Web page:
Hope you’re feeling your best. By the title of this post you’ve already figured out what this post is going to be about. But this post is not going to be the usual “Look at me! OMG, how time flies!” kinda stuff. I could’ve posted a collage of my before and after pictures on my Insta-stories and called it a day. I’m definitely going to do that (*chuckle and wink*) but this hashtag actually prompted me to talk about the real transformation I’ve gone through over the last 10 years. And by real I mean the actual transformation in my mindset that I have undergone. As they rightly say, it all starts in the mind, honey. So, let’s get digging, shall we?
I got my first job in 2009 in one of the most reputed public sector banks in India but my pay package was a joke. I was also a college student back then. I somehow managed to complete my accountancy major but my scores were far from satisfactory. I also had a boyfriend! So the stress was real.
Switching between the roles resulted in me developing a full-blown lifestyle related eating disorder. I ate a lot of junk and then some more. There wouldn’t be a single day that I’d go without carbonated drinks and fries. Courtesy my blessed genes, I didn’t gain a lot of weight. This actually gave me the courage to hog on some more junk, guilt-free. As a result, I was stressed and irrationally irritable all the time and I was not even aware of all this.
One more thing happened that year- it was the beginning of a decade long struggle with kidney infection.
I also realized that as a teenager I was quite sheltered and protected from the outside world. But isn’t that necessary to keep young girls safe? I guess many of us young Indian girls are raised in a bubble. We’re taught that avoidance is the best way out. I’ve seen and heard moms reminding their daughters to be safe when they’re stepping out of their bubbles. I haven’t quite seen moms reminding their sons to be more sensible and respectful towards the bubble-dwellers. On top of that, I also had to hear that men can get away with their ‘mischievous ways’ but a girl had to protect her dignity. Here, dignity = vagina (or uterus maybe). The conformist that I was, grew up believing every single word. But I wondered why no one was ever concerned with a girl’s mind and soul. Apparently, that was not very important. What mattered more was the classification of women into two major categories – good and bad. And I so wanted to fit into the former.
Another thing we’re made aware of is how we look, I mean the physical or rather just the ‘facial beauty’ aspect of our human experience. We’re made to believe that our looks play a huge role in defining who we are and how we end up in life. We’re also told that whatever we’re “lacking” in the looks department can be made up for by becoming a doctor or an engineer or a chartered accountant! I was neither “beautiful” nor did I choose from one of those viable career cards.
By 2012, my eating disorders coupled with my negative mindset had led to some serious damage internally. I had something called PMDD. In case you’re wondering, it’s a severe form of PMS. It causes anxiety and depression during certain times in the cycle. In short, PMDD is PMS multiplied by 10 (or 100). As a result, my personal and professional relationships were endangered. I also suffered phases of concussions. All this went on for years till the early 2017. Just like the different skin types that exist, there are different personality types as well. I was one of the more sensitive kinds. Conformists, who are rebels deep down inside, generally are.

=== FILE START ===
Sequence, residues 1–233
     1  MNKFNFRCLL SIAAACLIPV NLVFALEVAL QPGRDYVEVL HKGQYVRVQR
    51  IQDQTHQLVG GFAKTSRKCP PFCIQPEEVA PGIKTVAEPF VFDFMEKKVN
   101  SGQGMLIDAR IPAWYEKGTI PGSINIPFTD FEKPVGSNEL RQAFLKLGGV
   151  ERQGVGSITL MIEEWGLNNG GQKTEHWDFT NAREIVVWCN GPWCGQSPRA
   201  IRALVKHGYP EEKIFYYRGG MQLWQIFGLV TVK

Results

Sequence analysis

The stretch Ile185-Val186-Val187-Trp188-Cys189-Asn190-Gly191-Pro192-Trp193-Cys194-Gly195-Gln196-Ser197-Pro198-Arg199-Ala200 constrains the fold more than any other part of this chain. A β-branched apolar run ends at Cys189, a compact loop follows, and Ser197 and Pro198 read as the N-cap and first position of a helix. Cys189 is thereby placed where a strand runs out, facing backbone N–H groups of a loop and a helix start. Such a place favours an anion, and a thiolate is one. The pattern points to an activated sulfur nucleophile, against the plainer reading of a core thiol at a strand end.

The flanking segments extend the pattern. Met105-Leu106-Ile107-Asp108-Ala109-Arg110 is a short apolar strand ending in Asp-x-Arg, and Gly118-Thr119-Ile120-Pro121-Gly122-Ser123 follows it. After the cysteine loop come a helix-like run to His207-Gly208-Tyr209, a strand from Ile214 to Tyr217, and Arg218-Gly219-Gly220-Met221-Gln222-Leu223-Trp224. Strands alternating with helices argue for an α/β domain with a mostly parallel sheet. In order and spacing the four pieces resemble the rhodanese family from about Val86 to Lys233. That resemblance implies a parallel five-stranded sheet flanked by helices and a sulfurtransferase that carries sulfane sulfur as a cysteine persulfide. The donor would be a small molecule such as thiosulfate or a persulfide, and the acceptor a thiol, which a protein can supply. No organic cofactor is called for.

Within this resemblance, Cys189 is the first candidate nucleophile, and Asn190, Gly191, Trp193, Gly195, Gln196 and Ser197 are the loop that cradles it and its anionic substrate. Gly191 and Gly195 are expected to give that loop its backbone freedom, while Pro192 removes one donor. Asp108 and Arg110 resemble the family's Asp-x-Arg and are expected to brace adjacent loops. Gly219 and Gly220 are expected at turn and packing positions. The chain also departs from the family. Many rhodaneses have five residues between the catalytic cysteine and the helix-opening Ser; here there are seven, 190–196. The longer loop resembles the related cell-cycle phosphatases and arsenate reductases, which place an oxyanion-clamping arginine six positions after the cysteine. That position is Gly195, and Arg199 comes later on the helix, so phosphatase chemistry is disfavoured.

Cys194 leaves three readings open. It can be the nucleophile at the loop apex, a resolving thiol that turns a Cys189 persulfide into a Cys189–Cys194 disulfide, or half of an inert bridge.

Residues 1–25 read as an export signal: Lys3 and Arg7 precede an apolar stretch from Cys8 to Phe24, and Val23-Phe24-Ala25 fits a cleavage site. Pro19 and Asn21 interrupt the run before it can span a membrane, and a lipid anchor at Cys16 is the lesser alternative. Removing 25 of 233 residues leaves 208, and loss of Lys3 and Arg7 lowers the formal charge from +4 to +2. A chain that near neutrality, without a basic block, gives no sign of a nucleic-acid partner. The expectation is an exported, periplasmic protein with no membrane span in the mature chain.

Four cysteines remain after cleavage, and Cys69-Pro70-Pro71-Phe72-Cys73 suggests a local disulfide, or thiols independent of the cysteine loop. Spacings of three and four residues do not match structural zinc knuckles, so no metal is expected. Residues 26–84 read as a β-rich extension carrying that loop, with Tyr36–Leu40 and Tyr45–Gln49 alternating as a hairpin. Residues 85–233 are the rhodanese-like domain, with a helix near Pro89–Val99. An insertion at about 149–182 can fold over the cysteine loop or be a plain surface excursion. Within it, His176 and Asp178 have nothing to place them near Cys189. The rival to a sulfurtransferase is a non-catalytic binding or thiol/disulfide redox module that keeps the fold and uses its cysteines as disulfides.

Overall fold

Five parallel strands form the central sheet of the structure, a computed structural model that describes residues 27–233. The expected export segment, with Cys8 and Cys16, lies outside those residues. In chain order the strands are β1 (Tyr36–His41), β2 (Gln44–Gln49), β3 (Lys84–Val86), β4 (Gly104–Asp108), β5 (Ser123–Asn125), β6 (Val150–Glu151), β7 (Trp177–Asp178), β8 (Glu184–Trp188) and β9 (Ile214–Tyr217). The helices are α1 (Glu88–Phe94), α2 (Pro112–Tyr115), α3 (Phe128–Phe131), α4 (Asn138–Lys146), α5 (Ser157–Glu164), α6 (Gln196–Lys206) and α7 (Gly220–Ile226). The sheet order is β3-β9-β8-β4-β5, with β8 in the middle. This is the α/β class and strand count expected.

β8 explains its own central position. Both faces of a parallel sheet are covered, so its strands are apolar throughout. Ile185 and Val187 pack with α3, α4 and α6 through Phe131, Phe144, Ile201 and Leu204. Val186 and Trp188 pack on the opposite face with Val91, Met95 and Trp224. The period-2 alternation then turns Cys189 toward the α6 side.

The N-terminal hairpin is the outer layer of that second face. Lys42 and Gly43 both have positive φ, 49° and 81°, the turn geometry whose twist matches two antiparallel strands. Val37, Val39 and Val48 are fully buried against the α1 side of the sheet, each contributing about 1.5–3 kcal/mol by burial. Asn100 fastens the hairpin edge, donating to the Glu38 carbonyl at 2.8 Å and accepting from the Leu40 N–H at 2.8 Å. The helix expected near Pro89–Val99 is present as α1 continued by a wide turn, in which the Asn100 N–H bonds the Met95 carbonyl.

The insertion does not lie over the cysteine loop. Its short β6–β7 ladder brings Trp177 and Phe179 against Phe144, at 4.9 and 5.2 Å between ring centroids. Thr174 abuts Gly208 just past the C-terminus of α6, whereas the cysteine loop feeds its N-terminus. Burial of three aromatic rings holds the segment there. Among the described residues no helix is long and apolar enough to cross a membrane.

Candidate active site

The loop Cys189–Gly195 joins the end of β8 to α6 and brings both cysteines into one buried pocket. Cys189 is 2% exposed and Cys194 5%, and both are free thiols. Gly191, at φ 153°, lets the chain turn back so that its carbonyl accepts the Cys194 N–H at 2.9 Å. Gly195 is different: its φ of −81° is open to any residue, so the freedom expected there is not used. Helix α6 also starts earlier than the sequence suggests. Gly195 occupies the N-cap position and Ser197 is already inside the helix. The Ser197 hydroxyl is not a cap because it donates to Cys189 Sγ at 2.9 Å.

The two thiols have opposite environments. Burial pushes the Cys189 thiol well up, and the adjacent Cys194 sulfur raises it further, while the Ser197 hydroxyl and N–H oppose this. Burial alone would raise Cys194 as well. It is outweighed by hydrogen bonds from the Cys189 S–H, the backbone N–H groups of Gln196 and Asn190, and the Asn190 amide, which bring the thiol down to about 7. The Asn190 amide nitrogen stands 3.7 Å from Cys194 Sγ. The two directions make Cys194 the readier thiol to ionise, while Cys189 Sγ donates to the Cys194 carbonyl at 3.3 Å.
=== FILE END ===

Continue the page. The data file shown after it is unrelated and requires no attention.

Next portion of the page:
To sum up, my life was pretty much a glorified mess. But I could figure that it was pretty abnormal to feel the way I was feeling. So, lingered there in the abyss for a while trying to get hold of anything and anyone who I felt had the power to pull me out. It would be unfair to say that nobody helped. But the progress was definitely scarred by some major setbacks.
Now coming to the actual transformation story, I could figure out that something was amiss with my entire input system- almost everything starting with my actual diet to my emotional diet was messed up. I had read a lot of self help books. (People like me always do.) But it was the time to incorporate and implement some serious changes. First of all, I went to see a doctor and took medications for the PMDD. I strongly believe that the most qualified person to help you out of your situation is your general physician and not a bunch of random people you think of as potential mates. Lesson number one is: never rush into relationships of any sort until you have your life sorted out.
Then, I shifted my focus to looking at myself as a perfectly complete human being who can love the way she is. Also it’s perfectly normal for the people at home and your surroundings to say things that are not even one percent true. Clarity comes when you make peace with the fact that people preach and practice what they’ve learnt in their lifetime. So, being a rebel is not a healthy solution for your mental peace. The second important lesson I learned is: everyone is entitled to their opinions and so are you. Very closely related to this lesson is the third and the most vital lesson: define your personal boundaries- make people respect your opinions and never ever make an exception. It’s unfair to the human entity within you to accept and act on what people close to you have to say about you. Value their opinions but act exercise your own discretion.
Loving myself was the best thing I taught myself and I really wanted to pass this message on. Please excuse my rants. I’d love to know your #10yearchallenge transformation story. So I request you to take over the comment box and pour your heart out.
Until next time…
P.S. : Here’s my #10yearchallenge photo.